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Unformatted text preview: he parallel canonical viewvolume with the following
matrix: Final step.
• Divide by w to get the 3D Cartesian coordinates
• 3D Clipping
• The Canonical view volume is defined by: 1≤x ≤1, 1 ≤y ≤1 , 1 ≤z ≤1
• Simply need to check the (x,y,z) coordinates and see if
they are within the canonical view volume Exercise • How does ABC look like after
the projection? ABC projected
ABC Summary of Projection
● Two kind of projections:
○ ● ● parallel and perspective We can project points onto the screen by
using projection matrices
Canonical view volume is useful for telling if
the point is within the view volume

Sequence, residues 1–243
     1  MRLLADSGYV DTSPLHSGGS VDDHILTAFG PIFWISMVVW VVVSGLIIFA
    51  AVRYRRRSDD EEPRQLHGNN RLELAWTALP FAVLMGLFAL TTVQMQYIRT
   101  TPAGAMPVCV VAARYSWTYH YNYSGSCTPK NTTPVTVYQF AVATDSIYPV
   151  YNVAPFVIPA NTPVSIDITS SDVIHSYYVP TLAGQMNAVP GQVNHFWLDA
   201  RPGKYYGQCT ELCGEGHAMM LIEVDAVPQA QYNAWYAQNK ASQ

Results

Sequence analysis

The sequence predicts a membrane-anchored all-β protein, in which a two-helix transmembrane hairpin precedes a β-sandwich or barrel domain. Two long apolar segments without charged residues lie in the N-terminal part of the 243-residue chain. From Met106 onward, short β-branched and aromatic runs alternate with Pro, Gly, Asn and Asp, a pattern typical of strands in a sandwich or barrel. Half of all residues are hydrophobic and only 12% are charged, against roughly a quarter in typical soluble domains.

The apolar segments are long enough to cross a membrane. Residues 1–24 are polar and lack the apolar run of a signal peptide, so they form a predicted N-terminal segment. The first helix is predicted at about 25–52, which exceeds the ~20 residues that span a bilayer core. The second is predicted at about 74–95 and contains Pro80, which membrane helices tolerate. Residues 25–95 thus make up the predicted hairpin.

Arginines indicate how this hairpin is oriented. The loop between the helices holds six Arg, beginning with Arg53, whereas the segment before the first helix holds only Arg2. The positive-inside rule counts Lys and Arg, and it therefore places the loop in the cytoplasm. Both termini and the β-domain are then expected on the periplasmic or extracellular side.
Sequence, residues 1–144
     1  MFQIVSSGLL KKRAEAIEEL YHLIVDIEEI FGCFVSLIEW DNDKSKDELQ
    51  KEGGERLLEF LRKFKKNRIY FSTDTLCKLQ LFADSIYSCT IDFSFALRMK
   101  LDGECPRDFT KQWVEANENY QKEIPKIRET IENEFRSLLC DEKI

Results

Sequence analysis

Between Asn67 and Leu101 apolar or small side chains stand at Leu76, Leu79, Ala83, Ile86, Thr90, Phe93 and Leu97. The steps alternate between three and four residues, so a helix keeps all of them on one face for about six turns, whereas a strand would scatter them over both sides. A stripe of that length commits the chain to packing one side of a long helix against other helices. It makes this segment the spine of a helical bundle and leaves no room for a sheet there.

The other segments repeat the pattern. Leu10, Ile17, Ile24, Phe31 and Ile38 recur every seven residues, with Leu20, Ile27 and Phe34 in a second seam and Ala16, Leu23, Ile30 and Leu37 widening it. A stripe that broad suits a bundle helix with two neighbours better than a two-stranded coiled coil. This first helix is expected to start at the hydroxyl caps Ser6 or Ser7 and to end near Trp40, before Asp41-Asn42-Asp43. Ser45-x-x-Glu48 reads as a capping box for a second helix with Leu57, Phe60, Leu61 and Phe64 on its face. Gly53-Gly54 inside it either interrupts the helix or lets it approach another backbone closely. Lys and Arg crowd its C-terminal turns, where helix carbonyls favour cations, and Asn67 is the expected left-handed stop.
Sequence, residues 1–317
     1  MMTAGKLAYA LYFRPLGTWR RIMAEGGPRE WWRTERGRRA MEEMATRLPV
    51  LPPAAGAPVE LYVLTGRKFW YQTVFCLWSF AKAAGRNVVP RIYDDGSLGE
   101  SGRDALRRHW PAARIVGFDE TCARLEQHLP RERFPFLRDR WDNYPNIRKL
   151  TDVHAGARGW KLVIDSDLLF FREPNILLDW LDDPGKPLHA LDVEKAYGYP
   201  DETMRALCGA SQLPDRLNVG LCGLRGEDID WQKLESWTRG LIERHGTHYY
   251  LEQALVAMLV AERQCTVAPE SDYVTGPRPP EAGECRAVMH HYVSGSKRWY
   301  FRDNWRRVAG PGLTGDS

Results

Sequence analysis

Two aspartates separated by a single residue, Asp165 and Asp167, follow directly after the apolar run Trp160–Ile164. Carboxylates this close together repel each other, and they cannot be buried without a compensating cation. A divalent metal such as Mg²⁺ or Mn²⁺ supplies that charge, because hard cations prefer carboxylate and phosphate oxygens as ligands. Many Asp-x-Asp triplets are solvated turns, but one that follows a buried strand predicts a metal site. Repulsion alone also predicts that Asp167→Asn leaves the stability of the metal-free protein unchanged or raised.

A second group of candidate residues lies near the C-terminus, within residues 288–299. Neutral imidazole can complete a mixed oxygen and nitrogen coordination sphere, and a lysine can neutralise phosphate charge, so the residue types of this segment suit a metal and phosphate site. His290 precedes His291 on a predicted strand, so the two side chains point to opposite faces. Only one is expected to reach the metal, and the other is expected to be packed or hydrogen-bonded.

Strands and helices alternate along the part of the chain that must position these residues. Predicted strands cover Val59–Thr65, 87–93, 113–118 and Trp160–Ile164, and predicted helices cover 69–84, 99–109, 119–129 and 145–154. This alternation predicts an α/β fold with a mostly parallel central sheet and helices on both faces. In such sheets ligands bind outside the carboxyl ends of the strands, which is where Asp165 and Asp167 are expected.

○ parts outside must be clipped Overview
• View transformation
– Parallel projection
– Perspective projection
– Canonical view volume • Clipping
– Line / Polygon clipping Projecting polygons and lines
• After projection, a line in 3D space
becomes a line in 2D space
• A polygon in 3D space becomes a
polygon in 2D space Clipping
• We need to clip objects outside the canonical
view volume • Clipping lines (CohenSutherland algorithm)
• Clipping polygons (SutherlandHodgman
algorithm) CohenSutherland algorithm
A systematic approach to clip lines
Input: The screen and a 2D line segment
(let’s start with 2D first)
Output: Clipped line segment CohenSutherland 2D outcodes • The whole space is split into 9 regions
• Only the center region is visible
• Each region is encoded by four bits CohenSutherland 2D outcodes
4th bit 3rd bit 1st bit 2nd bit –
–
–
–
– 4bit code called: Outcode
First bit : above top of window, y > ymax
Second bit :...
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This document was uploaded on 03/26/2014.
 Spring '14

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